African Journal of
Microbiology Research

  • Abbreviation: Afr. J. Microbiol. Res.
  • Language: English
  • ISSN: 1996-0808
  • DOI: 10.5897/AJMR
  • Start Year: 2007
  • Published Articles: 5232

Full Length Research Paper

Rheological characteristics of Ganoderma applanatum exoploysaccharides

Abulaziz Yahya Alghmadi
  • Abulaziz Yahya Alghmadi
  • Biology Department, Faculty of Science, Al Baha University, Al Baha, P. O. Box1034, Saudi Arabia.
  • Google Scholar


  •  Received: 01 September 2015
  •  Accepted: 15 November 2015
  •  Published: 14 February 2016

 ABSTRACT

Glucose yeast extract peptone media (GYP) proved to be the most suitable medium for organism growth and exopolysaccharides (EPS) production which recorded 0.320 + 0.01 and 0.1+0.01 (mg/ml) dry weight undershaken and static conditions respectively. Rheological study of Ganoderma applanatum exopolysaccharides indicated that viscosity of each EPS concentrations increased with increased shear rate (S.R) values which confirm the dillatent behavior of the different concentrations of EPS. pH value  has a valuable effect on the rheological pattern of EPS, with best effect at pH5.5. Furthermore, it was found from the results that sucrose addition as carbon source enhanced the (consistency index cP) viscosity of EPS solution while arabinose decreased EPS viscosity. Therefore, EPS of G. applanatum isolated from AlBaha area, Saudi Arabia might have promising applications in field of food and textile industry.

Key words: Growing media, exopolysaccharides, rheology, pH and Ganoderma applanatum.


 INTRODUCTION

Carbohydrate macromolecules (Glycoproteins, proteoglycans/ glycosaminoglycans, lipoglycans, oligosaccharides and polysaccharides) are the most abundant natural products (Lamari et al., 2003).

Microbial polysaccharides are important since they have many applications in industry and medicine fields. It has been shown that basidiomycete mushrooms contain active antitumor and immunostimulative polysaccharides. Xu et al. (2012) noticed that polysaccharides- protein complex isolated from Pleurotus pulmonarius had anticancer activity against liver cancer cells. Also, Cao et al. (2015) reported that polysaccharides extracted from Pleurotus ostreatus mycelia markedly reduced both volume and weight of gastric cancer .However, recently there is an evidence from a small number  of  randomized controlled trials does not support the use of Glucidum for treatment of cardiovascular risk factors in people with type 2 diabetes mellitus (Klupp et al., 2015). Current state-to-art researches in this area indicated that published market studies predict that the future of biomass-based polymers is bright, with polysaccharides and polysaccharide-derived polymers being in the forefront. New insights in the structure and functions of polysaccharides in nature open new ways for application developments though polysaccharide engineering. So, it is expecting to see the surge of a deeper understanding of the complexity of biomass, of its bioformation. There is a belief that a new era for polysaccharide science is starting (https://hal.inria.fr/docs/00/57/24/26/PDF/Persin_etal_CarbohydratePolymers2011.pdf).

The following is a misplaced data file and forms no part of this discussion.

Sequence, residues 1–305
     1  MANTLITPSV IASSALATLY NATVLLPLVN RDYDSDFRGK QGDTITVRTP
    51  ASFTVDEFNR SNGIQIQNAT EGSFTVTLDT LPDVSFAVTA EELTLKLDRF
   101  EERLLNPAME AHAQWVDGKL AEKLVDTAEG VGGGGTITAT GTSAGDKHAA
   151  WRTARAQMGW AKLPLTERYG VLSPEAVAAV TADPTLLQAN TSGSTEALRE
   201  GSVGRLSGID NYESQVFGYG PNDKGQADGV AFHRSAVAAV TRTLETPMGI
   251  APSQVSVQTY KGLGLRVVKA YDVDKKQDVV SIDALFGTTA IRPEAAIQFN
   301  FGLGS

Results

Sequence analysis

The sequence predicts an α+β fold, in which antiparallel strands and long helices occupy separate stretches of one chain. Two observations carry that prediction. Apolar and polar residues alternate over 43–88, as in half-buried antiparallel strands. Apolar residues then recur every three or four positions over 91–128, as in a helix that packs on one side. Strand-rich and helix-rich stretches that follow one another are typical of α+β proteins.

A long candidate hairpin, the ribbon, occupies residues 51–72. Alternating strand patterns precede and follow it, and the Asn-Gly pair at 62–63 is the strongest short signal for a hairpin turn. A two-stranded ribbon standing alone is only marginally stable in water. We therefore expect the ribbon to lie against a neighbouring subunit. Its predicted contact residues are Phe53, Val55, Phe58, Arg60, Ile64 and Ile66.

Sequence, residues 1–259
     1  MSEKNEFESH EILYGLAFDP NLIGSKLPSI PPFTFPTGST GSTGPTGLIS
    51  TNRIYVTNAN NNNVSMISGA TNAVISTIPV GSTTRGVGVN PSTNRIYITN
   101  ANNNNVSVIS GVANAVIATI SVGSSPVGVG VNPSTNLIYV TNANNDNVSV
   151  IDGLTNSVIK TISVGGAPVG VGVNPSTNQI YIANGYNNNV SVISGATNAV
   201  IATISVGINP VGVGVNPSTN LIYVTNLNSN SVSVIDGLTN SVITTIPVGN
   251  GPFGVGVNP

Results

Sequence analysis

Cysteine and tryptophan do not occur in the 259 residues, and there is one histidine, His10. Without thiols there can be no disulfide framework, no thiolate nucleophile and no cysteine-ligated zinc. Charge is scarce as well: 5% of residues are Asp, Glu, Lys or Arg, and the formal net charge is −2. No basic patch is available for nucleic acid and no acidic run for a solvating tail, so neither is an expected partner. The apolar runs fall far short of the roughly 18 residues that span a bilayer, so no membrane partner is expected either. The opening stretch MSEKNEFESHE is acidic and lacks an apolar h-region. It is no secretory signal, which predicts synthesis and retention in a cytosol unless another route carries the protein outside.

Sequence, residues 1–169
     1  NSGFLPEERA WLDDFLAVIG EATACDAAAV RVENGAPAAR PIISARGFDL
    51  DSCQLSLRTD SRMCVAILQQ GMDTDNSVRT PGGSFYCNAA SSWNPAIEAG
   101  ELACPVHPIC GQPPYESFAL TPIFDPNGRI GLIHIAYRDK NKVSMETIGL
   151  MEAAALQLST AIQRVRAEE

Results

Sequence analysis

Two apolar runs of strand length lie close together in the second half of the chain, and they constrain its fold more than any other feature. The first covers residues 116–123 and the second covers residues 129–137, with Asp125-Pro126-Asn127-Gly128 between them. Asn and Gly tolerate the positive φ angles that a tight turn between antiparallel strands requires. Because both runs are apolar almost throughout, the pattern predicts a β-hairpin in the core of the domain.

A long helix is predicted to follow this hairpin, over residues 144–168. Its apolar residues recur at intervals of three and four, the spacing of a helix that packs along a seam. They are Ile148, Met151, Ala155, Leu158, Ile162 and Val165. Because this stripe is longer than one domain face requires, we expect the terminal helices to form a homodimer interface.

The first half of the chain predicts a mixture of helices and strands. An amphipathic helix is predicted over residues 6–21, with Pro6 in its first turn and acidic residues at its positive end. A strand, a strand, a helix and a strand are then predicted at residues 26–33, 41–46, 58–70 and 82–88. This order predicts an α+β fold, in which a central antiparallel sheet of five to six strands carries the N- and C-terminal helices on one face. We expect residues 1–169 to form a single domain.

Furthermore, may be over 700 species from higher heterobasidiomycetes and homobasidiomycetes fungi have been discovered to contain active polysaccharides that can be derived from fruit-bodies, culture mycelium and culture broths (Reshetnikov et al. 2001). Zhang and Peng (2003) demonstrated the presence of polysaccharide-protein complex in Ganoderma tsugae mycelium. The current research designed to study the production and rheology exopolysaccharides from G.applanatum for future applications in different aspects. So, the question is what is the behavior of G. applanatum EPS rheological behavior?

Polysaccharides are used as thickeners in the printing and textile industry. The rheological properties of the polysaccharide are important in restricting the flow of the dye. Kim et al. (2003b) studied the influence of pH on reheology during exo-polysaccharides production by Cordyceps militaris C738. Yun et al. (2002a) studied the effect of carbon source and aeration rate on carbohydrate rheology during red pigment production by Ganoderma lucidum in a batch bioreactor. Fazenda et al. (2010) mentioned that controlling the dissolved oxygen (DO) in the fed-batch culture of the medicinal mushroom G. lucidum led to a two-fold increase of the maximum biomass productivity compared to uncontrolled DO conditions. Bae et al. (2000) reported that broth rheology changed during mycelial growth and exo-polysaccharide production through Cordyceps militaris fermentation. Morris (1990) clarified that the use of polysaccharides changes by studying the rheological properties of water within foods to modify the texture of foods. Cheen et al. (2002) showed that the viscosity of the expolysaccharides produced from Cordyceps militaris gave non-significant high values (100-170cP) and its viscosity is lower than the polysaccharide from other mushroom.

The aim of the current work was to study the production of exopolysaccharide (EPS) from G. applanatum culture and study its rheological behavior followed by Brockfield rheometer. Rheological results of the isolated polysaccharides will be manipulated for different applications in food, medicine or textile industry in the near future.